44. DFWShook says:

    I knew the “liberals” didn’t get what they wanted from the Synod when Fr. Martin started tweeting Saturday about the absence of religious women at the Synod. It was rather hilarious when one considers his Friday tweets invoking the Holy Spirit. “Liberal” Catholics love to invoke the Holy Spirit as an attempt to shut down orthodox objections to their reforms. I guess because the “liberals” didn’t get their way at the Synod, the Holy Spirit either wasn’t present or properly “discerned”.

  45. Lutgardis says:

    I receive daily reflections from The Diary of St. Faustina. Here’s the one for today:

    Meditation: My Heart was moved by great mercy towards you, My dearest child, when I saw you torn to shreds because of the great pain you suffered in repenting for your sins (Diary, 282).

    My Prayer Response: Lord Jesus, You promised to St. Faustina that the sinner has the greatest right to Your mercy (see Diary, 723, 1146, 1275). Have mercy, Lord, on all who strive to repent and reform.

    So yes, Fr. James Martin, let’s preach a merciful God and have that year of mercy. Like this, please.

  46. acricketchirps says:

    Stephanus83, one of my old pastors (RIP) used to say it stood for “Soft Job”.

  47. Joseph-Mary says:

    That list helps a parent know where NOT to send their child! And as Fr. Corapi would say in his strong voice days, some are educated into imbecility!

    And from the Jesuit Fr. Martin I guess all those who do not agree with his opinion or the opinion of immorality are all ‘haters’ and ‘bigots’. Okay, then, sign me up!

  48. cyrillist says:

    IMHO, the mere acceptance and flourishing of “synodality” ensures a long, drawn-out, frog-in-pot defeat for Catholic orthodoxy. The teaching of the Church on communion for divorced-and-“remarried” Catholics is unpalatable to modern culture, but no less set in stone for all that. It should never have been discussed at all. The “conservative” bishops at the Synod expressed satisfaction in being able to arrive at wording in the final document which skirted outright heresy but still achieved “consensus,” but as in Vatican II, the modernists’ ball got moved a few more yards down the field anyway, at least in people’s minds, which is where it counts. The only way a closing document would have reflected true orthodoxy would have been if it had boiled down to an unequivocal “We’re very sorry, but NO.” And then accepting either (1) the fact that the Synod had ended in deadlock, or (2) the inevitable subsequent firestorm if such a document had somehow prevailed.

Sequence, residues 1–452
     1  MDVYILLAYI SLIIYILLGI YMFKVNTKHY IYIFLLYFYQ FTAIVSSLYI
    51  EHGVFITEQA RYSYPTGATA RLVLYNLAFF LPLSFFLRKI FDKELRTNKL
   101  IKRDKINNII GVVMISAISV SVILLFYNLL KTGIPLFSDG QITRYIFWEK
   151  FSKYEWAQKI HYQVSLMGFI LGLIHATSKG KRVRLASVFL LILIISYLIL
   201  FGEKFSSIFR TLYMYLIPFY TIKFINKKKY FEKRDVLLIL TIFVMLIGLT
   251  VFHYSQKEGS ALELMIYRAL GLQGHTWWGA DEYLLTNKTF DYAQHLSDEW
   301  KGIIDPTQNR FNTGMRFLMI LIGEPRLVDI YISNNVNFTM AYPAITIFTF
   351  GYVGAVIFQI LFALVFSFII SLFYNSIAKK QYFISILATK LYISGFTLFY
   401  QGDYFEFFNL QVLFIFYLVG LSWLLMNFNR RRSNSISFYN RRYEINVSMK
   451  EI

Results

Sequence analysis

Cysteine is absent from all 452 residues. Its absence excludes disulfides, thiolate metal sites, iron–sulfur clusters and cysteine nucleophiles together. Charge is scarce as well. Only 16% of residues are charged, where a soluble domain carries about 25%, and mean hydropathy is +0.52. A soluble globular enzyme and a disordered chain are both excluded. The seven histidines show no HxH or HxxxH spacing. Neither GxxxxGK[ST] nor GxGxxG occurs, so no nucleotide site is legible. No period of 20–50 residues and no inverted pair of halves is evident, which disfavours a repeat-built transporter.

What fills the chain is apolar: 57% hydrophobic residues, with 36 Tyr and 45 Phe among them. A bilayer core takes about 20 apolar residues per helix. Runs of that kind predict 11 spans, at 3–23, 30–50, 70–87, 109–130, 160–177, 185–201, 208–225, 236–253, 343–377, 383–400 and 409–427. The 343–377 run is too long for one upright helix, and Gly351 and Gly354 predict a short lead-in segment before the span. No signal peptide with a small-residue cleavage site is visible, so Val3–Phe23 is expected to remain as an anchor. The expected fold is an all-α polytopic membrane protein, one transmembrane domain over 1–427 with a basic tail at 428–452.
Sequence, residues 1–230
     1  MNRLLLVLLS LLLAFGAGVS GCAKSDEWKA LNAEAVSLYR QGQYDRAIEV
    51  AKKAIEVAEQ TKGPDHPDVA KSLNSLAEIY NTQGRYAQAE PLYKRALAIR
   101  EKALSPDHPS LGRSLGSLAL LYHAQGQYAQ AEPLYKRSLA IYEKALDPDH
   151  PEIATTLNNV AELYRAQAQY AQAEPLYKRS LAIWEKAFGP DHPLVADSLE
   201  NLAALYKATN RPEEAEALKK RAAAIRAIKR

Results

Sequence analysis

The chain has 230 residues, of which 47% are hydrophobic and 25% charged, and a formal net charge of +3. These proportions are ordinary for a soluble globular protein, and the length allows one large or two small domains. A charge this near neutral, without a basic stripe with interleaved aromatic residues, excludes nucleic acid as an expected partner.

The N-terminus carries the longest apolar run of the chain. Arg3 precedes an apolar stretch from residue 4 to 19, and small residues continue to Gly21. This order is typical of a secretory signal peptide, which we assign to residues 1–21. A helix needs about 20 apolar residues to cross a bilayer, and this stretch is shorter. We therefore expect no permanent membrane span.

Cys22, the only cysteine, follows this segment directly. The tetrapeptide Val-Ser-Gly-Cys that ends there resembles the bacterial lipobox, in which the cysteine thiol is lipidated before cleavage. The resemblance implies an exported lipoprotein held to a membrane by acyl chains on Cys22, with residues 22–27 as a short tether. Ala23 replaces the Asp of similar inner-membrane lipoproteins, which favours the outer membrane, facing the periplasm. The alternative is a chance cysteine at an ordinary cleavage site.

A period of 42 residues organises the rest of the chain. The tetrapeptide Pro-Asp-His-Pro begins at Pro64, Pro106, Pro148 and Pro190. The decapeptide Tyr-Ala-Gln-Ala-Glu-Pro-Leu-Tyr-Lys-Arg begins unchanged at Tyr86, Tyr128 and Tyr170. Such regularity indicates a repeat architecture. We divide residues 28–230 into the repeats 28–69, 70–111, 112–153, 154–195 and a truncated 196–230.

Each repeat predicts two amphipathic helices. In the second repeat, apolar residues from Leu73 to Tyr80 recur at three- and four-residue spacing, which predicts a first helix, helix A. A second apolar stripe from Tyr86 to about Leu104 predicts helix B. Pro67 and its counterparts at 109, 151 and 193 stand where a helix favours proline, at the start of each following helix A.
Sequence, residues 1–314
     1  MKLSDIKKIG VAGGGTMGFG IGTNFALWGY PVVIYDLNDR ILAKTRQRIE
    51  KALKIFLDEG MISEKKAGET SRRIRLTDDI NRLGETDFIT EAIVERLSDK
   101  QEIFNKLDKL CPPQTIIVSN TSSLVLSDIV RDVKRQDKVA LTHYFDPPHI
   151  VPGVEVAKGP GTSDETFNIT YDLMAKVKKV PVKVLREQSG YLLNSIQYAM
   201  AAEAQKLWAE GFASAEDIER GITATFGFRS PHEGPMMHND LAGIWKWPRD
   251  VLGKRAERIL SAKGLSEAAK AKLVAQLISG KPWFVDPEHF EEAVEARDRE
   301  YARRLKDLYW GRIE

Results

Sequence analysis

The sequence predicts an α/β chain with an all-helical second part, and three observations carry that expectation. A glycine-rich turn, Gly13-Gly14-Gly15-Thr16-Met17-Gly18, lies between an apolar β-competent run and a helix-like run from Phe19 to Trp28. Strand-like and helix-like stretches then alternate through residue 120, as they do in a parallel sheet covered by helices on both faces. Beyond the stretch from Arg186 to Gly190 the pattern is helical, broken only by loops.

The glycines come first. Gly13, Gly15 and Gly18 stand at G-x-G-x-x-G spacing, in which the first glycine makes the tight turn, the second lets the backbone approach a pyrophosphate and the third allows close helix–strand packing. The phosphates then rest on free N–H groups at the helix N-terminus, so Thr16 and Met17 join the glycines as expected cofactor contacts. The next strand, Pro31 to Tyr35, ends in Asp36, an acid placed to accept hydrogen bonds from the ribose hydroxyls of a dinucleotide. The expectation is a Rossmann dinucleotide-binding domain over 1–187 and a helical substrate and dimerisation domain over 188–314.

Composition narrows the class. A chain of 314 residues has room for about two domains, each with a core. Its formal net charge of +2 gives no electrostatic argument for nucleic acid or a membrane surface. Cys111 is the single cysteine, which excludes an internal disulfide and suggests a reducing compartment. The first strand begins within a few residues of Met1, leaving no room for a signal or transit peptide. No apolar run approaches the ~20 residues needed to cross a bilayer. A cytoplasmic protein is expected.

I think that a belated rejection of synodality was a prime motivation behind the online petition during the Synod urging orthodox bishops to walk out, but it was too little, too late. No one involved seriously considered the possibility of declining at the outset to take part in the modernists’ little dialogue games, and then calling them on it. Trouble is, nobody wants to look like a jerk, and nowadays, that’s what a refusal to discuss the possibility of fudging a non-negotiable doctrine makes you look like. Also, there was worry enough about the good guys who were being deliberately excluded from the event (e.g., Cardinal Burke) without considering the advisability of making the good guys’ ranks even smaller. As always – well played, modernists.

    I don’t think that the modernists are freaking out, in the sense of “losing it.” The noise they’re making is calculated to enhance the sense of the inevitability of their position, as in “the right side of history.” (And that’s a pet peeve of mine: Somebody has to start pushing back seriously on this “right side of history” nonsense. How about “the right side of morality?” Not to get all Godwin, but weren’t the National Socialists considered to be on the right side of history during their heyday?)

    I close with a golden catechetic aphorism which I once encountered, amazingly enough, in a collection of writings by members of the bogus satiric “Church of the Subgenius”:

    Q: What is the greatest enemy of truth? A: Consensus.

  49. Paulo says:

    A retelling of Genesis 3:1-8